Google Faces Backlash Over AI Image Generator: Controversies Surrounding Gemini Relaunch

After retracting its artificial intelligence image generation tool on Thursday amidst a series of controversies, Google is gearing up to reintroduce the product soon, according to Google DeepMind CEO Demis Hassabis.

The image generator was initially launched earlier this month via Gemini, Google’s primary suite of AI models. This tool allows users to input prompts to generate an image. However, over the past week, users have uncovered historical inaccuracies and questionable responses, leading to widespread circulation on social media.

“We have taken the feature offline while we fix that,” Hassabis explained during a panel at the Mobile World Congress conference in Barcelona on Monday. “We are hoping to have that back online very shortly in the next couple of weeks, a few weeks.” He further acknowledged that the product was not “working the way we intended.”

Gemini AI
Gemini relaunch aims to address historical inaccuracies and biased image outputs.

The controversy emerged alongside a high-profile rebranding effort by Google earlier this month, which included renaming its chatbot and introducing a new app and subscription options. Formerly known as Bard, a significant competitor to OpenAI’s ChatGPT, the chatbot, and assistant is now called Gemini, aligning with the suite of AI models powering it.

Instances of inaccuracies include when users requested images such as a German soldier in 1943, prompting the tool to depict a racially diverse group of soldiers in German military uniforms of that era, as seen in screenshots on X.

Similar outcomes occurred when users asked for historically accurate depictions, such as a medieval British king or the U.S. founding fathers. The model generated racially diverse images, including a woman ruler, an 18th-century king of France, and a German couple in the 1800s. In another instance, the model showed an image of Asian men in response to a query about Google’s founders.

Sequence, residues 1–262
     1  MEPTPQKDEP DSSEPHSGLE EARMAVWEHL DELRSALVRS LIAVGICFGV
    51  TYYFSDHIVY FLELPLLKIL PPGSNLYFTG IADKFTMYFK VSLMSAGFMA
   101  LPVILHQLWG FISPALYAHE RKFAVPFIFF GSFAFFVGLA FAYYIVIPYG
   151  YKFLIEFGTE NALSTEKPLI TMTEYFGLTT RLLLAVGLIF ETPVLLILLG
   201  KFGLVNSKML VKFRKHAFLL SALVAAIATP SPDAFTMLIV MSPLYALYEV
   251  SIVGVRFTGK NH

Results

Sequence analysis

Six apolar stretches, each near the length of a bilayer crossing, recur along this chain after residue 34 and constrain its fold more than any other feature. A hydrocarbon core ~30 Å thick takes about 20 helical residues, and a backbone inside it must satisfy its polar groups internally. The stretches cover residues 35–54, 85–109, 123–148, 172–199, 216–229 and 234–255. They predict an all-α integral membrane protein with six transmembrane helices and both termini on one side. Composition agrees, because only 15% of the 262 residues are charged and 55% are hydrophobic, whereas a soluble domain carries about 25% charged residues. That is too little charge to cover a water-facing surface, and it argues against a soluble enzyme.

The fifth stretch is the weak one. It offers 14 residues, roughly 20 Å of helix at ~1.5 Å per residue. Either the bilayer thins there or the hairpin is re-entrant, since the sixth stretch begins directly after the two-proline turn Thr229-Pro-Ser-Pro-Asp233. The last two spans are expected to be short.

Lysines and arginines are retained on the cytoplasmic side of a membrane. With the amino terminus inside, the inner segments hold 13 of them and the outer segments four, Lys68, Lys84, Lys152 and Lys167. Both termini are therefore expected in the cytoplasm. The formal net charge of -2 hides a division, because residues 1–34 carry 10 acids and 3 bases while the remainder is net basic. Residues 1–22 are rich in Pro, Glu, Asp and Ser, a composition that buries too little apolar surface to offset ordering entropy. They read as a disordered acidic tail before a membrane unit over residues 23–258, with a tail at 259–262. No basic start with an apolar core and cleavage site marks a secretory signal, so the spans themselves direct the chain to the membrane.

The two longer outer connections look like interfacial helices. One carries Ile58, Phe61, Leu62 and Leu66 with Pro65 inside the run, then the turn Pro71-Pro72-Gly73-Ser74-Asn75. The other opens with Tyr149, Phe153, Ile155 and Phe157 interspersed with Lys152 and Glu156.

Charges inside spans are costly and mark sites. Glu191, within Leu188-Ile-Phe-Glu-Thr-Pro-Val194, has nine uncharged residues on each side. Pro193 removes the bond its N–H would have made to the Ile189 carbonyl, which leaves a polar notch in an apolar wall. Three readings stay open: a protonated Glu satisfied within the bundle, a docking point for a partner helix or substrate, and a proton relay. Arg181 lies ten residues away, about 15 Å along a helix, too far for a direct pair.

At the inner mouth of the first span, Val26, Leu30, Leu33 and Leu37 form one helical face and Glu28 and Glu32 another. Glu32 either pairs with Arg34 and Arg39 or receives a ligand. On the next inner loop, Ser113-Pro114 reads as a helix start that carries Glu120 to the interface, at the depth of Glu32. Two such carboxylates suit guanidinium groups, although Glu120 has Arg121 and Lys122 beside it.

Margaret Mitchell, chief ethics scientist at Hugging Face and former co-leader of Google’s AI ethics group, criticized the situation, stating, “The Gemini debacle showed how AI ethics _wasn’t_ being applied with the nuanced expertise necessary.”

Alphabet CEO Sundar Pichai also faced criticism for the company’s handling of AI, particularly regarding the botched rollout of Bard last year, following the viral spread of ChatGPT.

CEO Sundar Pichai
CEO Sundar Pichai is under scrutiny for Alphabet’s handling of AI ethics and product rollouts.

The latest issues with Gemini have reignited debates within the AI industry, with some groups criticizing its perceived bias while others argue that Google didn’t adequately prioritize AI ethics. Google itself faced scrutiny in 2020 and 2021 for the restructuring of its AI ethics group after the publication of a critical research paper by its co-leads.

In addition to concerns about image generation, a viral query on Sunday asked the Gemini chatbot to compare the societal impact of Adolf Hitler and Elon Musk’s tweeting of memes. The response sparked further controversy, highlighting the challenges Google faces in managing AI-generated content.

Google acknowledged the issues with Gemini’s image generation and announced plans to “pause the image generation of people” while working on improvements.

Despite these challenges, Google remains committed to advancing AI, aiming to develop true AI assistants capable of handling a wide range of tasks beyond simple summarization or coding assistance. Sissie Hsiao, a vice president at Google, emphasized that the changes to Gemini are just the first step towards “building a true AI assistant.”

Sajda Parveen
Sajda Parveen
Sajda Praveen is a market expert. She has over 6 years of experience in the field and she shares her expertise with readers. You can reach out to her at [email protected]
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